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Prestwick 1940

“I opened the door and found myself in the well-lit main room where three other U/T pilots were lounging in wicker chairs. They turned out to be my close friends from Cambridge, Jimmy Ward and Bernard Wills, and a stranger, Dave Smith, a South African. I took off my wet coat and flopped into a chair, revelling in the warmth emanating from the cylindrical stove in the centre of the room. I had been in one other such Nissen flight hut before and this was much the same: curved, corrugated metal roof, metal window frames, the ubiquitous stove, desk, tables, umpteen chairs, and the whole room littered with the aircrew’s flying gear, parachutes and other accessories. I wrinkled my nose; a faint musty smell pervaded the place.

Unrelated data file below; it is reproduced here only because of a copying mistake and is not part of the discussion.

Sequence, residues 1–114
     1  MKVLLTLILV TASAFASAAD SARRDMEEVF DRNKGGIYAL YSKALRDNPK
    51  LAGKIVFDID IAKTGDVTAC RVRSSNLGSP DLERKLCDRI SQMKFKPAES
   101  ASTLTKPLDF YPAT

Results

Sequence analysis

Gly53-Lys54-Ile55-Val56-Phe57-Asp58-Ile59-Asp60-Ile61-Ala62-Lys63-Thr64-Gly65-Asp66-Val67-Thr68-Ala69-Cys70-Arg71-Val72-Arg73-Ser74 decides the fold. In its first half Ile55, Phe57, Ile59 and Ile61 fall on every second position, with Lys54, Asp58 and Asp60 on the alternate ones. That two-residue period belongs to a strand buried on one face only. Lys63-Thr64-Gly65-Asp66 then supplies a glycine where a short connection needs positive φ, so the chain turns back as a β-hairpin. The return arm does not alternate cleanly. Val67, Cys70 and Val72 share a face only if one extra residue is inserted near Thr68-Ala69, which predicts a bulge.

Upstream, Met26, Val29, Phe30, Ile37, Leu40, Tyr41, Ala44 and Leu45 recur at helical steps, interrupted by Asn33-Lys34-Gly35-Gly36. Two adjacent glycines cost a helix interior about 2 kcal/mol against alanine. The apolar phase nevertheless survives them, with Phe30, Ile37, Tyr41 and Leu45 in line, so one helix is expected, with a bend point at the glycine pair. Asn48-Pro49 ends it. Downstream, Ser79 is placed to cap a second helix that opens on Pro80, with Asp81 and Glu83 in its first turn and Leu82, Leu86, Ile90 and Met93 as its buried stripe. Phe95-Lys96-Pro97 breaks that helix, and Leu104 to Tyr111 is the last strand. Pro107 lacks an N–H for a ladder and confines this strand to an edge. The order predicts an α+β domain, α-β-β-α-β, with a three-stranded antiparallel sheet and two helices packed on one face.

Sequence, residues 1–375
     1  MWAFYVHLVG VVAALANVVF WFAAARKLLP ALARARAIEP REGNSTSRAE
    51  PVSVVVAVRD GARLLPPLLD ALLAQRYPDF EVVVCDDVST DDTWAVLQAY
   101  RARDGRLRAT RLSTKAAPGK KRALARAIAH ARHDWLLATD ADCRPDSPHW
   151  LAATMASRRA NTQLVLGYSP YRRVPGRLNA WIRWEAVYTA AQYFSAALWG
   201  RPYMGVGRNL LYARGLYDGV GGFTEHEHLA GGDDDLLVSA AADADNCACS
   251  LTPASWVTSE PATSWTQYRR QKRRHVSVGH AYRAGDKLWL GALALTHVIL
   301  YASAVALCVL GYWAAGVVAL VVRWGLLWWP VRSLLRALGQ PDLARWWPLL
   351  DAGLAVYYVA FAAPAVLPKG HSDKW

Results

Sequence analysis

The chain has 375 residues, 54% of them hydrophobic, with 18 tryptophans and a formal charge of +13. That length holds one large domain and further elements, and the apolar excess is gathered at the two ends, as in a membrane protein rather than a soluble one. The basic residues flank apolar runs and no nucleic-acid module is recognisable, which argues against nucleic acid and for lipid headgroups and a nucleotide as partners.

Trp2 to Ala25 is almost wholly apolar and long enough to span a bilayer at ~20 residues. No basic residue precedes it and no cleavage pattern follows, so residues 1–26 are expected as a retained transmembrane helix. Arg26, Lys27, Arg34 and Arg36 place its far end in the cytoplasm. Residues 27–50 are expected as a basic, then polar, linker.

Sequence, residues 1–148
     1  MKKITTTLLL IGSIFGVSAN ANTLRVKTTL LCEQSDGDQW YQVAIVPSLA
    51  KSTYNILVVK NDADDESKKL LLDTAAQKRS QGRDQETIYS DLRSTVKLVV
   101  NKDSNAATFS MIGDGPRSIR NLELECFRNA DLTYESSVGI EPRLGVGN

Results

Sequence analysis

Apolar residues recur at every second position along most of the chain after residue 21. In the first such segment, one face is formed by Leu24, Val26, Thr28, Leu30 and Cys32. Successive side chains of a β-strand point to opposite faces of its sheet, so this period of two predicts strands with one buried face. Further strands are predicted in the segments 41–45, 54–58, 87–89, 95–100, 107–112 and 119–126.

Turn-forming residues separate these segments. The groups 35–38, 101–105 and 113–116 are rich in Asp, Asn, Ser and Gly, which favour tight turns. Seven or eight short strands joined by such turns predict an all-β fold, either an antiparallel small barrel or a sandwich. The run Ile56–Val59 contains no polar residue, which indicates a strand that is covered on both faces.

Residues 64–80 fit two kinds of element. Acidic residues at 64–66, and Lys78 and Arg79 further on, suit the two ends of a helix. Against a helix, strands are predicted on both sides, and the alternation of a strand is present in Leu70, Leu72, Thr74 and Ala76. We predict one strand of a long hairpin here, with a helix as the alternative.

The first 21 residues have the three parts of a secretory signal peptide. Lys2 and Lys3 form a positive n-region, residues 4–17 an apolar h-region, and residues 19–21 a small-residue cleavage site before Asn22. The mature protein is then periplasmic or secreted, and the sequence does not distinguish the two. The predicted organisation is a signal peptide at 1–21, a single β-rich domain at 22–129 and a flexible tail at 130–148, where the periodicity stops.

I had hardly settled when a door opened at the rear of the room and Sgt Allan emerged in standard blue battledress. I had met him briefly on arrival the day before. Stocky, fair haired, rather fine features; about twenty-five years of age, I guessed. Allan called, ‘Wild—I’ll see you first’. He turned, retreated, and I followed. This room was small with a desk and a few chairs. As soon as we were seated, Allan smiled and said, ‘Welcome to “A” Flight.’ He paused to consult some papers. ‘Now then, let me see. You spent a month at RAF Finningley, as an Air Cadet plonk doing various chores, and then you were posted to Cambridge ITW, where you were genned up on armaments, navigation, etc., before arriving here yesterday. Before I go on, have you managed to get home?’ He glanced at the file. ‘You live at Bolton?’